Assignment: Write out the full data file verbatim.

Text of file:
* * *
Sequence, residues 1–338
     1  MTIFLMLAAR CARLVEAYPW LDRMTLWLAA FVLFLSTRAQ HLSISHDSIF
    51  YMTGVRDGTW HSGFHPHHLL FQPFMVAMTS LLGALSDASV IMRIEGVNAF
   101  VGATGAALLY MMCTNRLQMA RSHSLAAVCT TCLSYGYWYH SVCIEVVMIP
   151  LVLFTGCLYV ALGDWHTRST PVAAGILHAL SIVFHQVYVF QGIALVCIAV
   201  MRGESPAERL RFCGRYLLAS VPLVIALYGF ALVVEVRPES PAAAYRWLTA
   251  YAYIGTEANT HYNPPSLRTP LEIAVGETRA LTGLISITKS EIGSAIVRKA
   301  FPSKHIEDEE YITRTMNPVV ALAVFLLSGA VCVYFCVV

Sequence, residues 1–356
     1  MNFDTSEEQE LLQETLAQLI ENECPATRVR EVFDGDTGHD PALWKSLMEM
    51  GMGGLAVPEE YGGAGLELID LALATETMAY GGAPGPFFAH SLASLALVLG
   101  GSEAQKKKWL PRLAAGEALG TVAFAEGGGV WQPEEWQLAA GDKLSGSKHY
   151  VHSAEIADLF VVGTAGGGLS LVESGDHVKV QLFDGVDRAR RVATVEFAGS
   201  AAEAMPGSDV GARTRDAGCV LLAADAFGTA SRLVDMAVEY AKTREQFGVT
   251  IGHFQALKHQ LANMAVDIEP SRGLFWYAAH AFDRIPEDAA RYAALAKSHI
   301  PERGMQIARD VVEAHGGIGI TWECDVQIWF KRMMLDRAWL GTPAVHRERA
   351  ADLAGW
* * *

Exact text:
Sequence, residues 1–338
     1  MTIFLMLAAR CARLVEAYPW LDRMTLWLAA FVLFLSTRAQ HLSISHDSIF
    51  YMTGVRDGTW HSGFHPHHLL FQPFMVAMTS LLGALSDASV IMRIEGVNAF
   101  VGATGAALLY MMCTNRLQMA RSHSLAAVCT TCLSYGYWYH SVCIEVVMIP
   151  LVLFTGCLYV ALGDWHTRST PVAAGILHAL SIVFHQVYVF QGIALVCIAV
   201  MRGESPAERL RFCGRYLLAS VPLVIALYGF ALVVEVRPES PAAAYRWLTA
   251  YAYIGTEANT HYNPPSLRTP LEIAVGETRA LTGLISITKS EIGSAIVRKA
   301  FPSKHIEDEE YITRTMNPVV ALAVFLLSGA VCVYFCVV

Sequence, residues 1–356
     1  MNFDTSEEQE LLQETLAQLI ENECPATRVR EVFDGDTGHD PALWKSLMEM
    51  GMGGLAVPEE YGGAGLELID LALATETMAY GGAPGPFFAH SLASLALVLG
   101  GSEAQKKKWL PRLAAGEALG TVAFAEGGGV WQPEEWQLAA GDKLSGSKHY
   151  VHSAEIADLF VVGTAGGGLS LVESGDHVKV QLFDGVDRAR RVATVEFAGS
   201  AAEAMPGSDV GARTRDAGCV LLAADAFGTA SRLVDMAVEY AKTREQFGVT
   251  IGHFQALKHQ LANMAVDIEP SRGLFWYAAH AFDRIPEDAA RYAALAKSHI
   301  PERGMQIARD VVEAHGGIGI TWECDVQIWF KRMMLDRAWL GTPAVHRERA
   351  ADLAGW